Did your cat sneak past you at the door again? Post to the forum and you’ll have a local group of people to help you find your pet.
Start a gardening group or neighborhood kickball team for the kids
Let neighbors know about your small business and invite them to check it out
Grow our forum membership directly along the Central Corridor to at least 4,000 members
Stimulate Central Corridor-related exchange on our Cedar Riverside forum (with over 600 members already), with hundreds of East African participants
Help ensure that all communities in the Central Corridor are able to benefit from online neighborhood engagement playing a vital role in shaping their area’s future and civic agenda
The Central Corridor Funders Collaborative is a group of local and national funders that strongly supports the Central Corridor Light Rail Line because it offers opportunities to strengthen the regional economy and make the adjacent neighborhoods better places to live, work and access opportunity. They work with local resident organizations, community groups, nonprofit and business coalitions, and public agencies to create and implement corridor-wide strategies aimed at ensuring the adjoining neighborhoods, residents, and businesses broadly share in the benefits of public and private investment in the Central Corridor Light Rail Line.
December 10-12: MN IT Symposium – Open Twin Cities member Colin Lee and co-founder Bill Bushey will be presenting on The Future of Grassroots Innovation. (Sneak preview)
Nuts & Bolts
Many of our forum members are new to technology—and that’s okay!
You will get so much more from your participation in your Neighbors Forum if you post a message to ask a question, share some information, or reply to a neighbor.
How to post a message:
To post, simply send an email to your forum’s email address from the email account you used when you registered with E-Democracy.org. Your forum’s email address can be found at the bottom of every email message or at the top of the Topics column on the right side of your forum’s home page. You can find your forum here.
To reply, simply use the “Reply to All” option on any email message from your forum.
Check here for more details on how to post using the website.
How to check, change, or update your email address:
This month’s newsletter theme is “Back to Fall, Back to School, Back to E-Democracy.” We’ve worked hard all summer to build a stronger community and participation. As our fall routines settle down, we hope that engagement on the forums, this community newsletter, our upcoming, easier-to-use website design (sample), and our Digital Inclusion Resource Guide will make your fall that much more community-based and connected.
The Neighbors Forums are your tools to use, so whether it’s a community event to promote, a neighborhood news update, or a local issue to discuss, we would love to see you join your fellow neighbors in creating even more empowered community through open and inclusive communication.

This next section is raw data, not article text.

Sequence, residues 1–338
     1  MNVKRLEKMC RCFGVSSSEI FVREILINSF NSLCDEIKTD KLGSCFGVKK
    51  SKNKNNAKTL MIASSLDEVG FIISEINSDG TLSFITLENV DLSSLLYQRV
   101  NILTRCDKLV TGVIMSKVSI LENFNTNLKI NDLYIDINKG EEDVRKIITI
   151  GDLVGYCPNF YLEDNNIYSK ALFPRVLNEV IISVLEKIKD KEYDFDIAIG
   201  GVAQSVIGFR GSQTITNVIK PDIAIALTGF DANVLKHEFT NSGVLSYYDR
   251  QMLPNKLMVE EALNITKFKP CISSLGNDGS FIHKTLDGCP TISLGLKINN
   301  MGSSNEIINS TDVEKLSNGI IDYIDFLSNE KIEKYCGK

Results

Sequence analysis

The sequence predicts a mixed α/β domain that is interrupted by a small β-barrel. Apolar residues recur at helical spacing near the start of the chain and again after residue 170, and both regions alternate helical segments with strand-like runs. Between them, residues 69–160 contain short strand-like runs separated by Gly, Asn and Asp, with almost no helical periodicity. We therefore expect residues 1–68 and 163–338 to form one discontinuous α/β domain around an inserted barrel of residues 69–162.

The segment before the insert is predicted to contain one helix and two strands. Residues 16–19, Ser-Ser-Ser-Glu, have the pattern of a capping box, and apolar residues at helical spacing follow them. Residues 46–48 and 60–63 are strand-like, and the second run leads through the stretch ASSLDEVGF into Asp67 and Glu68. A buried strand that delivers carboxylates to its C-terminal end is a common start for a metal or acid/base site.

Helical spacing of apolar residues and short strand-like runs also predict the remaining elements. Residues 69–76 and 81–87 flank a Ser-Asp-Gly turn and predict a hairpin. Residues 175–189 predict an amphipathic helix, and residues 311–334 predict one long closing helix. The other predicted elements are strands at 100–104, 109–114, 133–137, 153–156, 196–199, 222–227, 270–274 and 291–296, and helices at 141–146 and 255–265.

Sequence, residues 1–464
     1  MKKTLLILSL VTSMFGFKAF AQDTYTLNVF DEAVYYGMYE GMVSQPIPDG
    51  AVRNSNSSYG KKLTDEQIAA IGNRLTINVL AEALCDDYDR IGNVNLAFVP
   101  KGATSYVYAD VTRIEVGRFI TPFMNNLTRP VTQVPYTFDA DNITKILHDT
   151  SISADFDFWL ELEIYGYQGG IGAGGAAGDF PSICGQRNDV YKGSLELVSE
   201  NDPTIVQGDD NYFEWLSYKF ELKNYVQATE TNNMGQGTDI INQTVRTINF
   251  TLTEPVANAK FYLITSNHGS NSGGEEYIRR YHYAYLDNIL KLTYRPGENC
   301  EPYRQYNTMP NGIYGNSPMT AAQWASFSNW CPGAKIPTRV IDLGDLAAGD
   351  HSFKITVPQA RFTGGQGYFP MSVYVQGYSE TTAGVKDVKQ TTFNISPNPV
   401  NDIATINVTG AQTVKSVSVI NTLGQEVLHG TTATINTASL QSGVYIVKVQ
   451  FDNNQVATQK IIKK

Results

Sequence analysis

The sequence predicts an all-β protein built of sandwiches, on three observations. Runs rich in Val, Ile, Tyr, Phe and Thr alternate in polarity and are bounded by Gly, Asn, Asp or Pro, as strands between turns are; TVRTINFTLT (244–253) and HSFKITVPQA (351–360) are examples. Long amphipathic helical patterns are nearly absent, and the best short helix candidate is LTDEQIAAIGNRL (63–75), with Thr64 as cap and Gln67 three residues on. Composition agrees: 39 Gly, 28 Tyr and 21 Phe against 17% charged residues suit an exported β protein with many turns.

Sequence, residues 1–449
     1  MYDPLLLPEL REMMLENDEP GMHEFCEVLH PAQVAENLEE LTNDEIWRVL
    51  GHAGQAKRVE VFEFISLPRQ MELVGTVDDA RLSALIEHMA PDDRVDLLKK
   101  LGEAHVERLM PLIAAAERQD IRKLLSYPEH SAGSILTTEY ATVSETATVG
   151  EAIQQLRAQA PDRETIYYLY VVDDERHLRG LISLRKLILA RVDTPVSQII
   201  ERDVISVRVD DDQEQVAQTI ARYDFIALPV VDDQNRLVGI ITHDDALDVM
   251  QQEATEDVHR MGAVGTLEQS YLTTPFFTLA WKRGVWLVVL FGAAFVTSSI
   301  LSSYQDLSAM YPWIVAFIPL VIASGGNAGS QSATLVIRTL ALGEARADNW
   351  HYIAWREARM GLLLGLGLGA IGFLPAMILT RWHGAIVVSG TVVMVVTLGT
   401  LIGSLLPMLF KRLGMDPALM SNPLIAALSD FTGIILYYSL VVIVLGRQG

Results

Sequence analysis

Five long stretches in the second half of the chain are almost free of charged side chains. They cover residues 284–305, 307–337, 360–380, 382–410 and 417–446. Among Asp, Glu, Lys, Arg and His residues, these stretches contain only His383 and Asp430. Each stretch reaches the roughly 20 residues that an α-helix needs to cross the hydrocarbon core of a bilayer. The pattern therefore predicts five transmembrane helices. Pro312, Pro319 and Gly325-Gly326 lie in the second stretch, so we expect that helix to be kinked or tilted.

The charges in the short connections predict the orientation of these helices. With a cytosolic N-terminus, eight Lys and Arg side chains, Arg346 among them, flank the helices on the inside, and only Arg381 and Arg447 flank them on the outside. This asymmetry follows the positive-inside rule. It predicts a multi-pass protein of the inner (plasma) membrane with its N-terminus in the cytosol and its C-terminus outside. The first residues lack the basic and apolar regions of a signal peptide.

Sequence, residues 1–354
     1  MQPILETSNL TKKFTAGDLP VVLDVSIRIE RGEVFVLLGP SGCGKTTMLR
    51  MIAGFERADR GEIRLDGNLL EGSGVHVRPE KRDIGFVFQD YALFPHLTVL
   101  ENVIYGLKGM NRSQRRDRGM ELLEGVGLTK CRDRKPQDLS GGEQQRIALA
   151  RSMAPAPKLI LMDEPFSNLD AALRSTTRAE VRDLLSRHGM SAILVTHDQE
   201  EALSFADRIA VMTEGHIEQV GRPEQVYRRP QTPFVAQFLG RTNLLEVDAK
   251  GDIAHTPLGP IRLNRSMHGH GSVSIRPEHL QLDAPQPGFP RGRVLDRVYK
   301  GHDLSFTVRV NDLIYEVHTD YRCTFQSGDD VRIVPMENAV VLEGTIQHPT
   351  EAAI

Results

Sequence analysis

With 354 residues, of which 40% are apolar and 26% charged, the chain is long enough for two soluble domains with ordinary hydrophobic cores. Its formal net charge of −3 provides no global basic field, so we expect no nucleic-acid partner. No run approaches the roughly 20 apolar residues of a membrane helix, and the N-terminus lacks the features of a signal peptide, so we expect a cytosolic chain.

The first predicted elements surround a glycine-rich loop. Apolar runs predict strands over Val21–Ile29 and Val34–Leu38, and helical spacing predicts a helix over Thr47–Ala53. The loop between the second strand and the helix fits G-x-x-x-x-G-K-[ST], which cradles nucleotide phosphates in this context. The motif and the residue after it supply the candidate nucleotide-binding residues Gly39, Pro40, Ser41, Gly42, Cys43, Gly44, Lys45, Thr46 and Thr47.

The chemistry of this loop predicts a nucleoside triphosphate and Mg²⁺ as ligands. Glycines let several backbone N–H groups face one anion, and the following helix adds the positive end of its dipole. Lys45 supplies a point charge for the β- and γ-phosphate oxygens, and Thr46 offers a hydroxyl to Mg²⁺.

In the last 12 months compared to the previous year, posts to our St. Paul Neighbors Forums are up 252% to 5,722.
While wider Internet commenting was filled with recriminations and conspiracy, E-Democracy’s Neighbors Forums raised voices against violence by seeking solutions.
On August 4th, 2013, Ray Widstrand, 26, was brutally beaten by a group of young people who had gathered outside to watch a fight between two girls near midnight. Ray was walking through the group of approximately 50 young people when he was randomly attacked, almost beaten to death.
The 5-7 attackers were mostly juveniles and according to the police reports, were affiliated with primarily African-American street gangs. Ray is white. Others in the crowd attempted to mace the attackers and boldly stayed when police arrived to be witnesses to this senseless and extremely random violence. The incident has heightened fears among parents of young African-American males about how they are being viewed by the police and others in their daily lives and the randomness has people of all races in this multi-ethnic neighborhood on edge.
The Payne Phalen neighborhood of Saint Paul has seen its share of violence over the years. Just recently, Vincent Allison, a 17-year-old, was shot to death by another 17-year-old during a gang clash. Large groups of young people have been plaguing the streets of Payne Phalen, blocking traffic, harassing residents, and inciting fear among those who call Payne Phalen home. The police blame Twitter for frequent flash mobs late at night.
After the story on Ray Widstrand hit the press, the 800+ member E-Democracy Payne Phalen Neighbors Forum was buzzing about the assault. Neighbors used the forum as a way to discuss what had happened, to share concerns about the neighborhood’s ongoing safety, and to exchange ideas on how to stimulate change. This organic exchange was different than what was being presented elsewhere online. From vitriolic online news commenting on regional newspaper websites, to seeing the story used as a foil globally on racially charged websites, even local journalists took notice of the dramatic difference in what the most local people were doing online. There weren’t over the top outcries of panic, blame, or hatred, nor using the story to further some political agenda, but collaborative dialogue among residents searching for answers from within.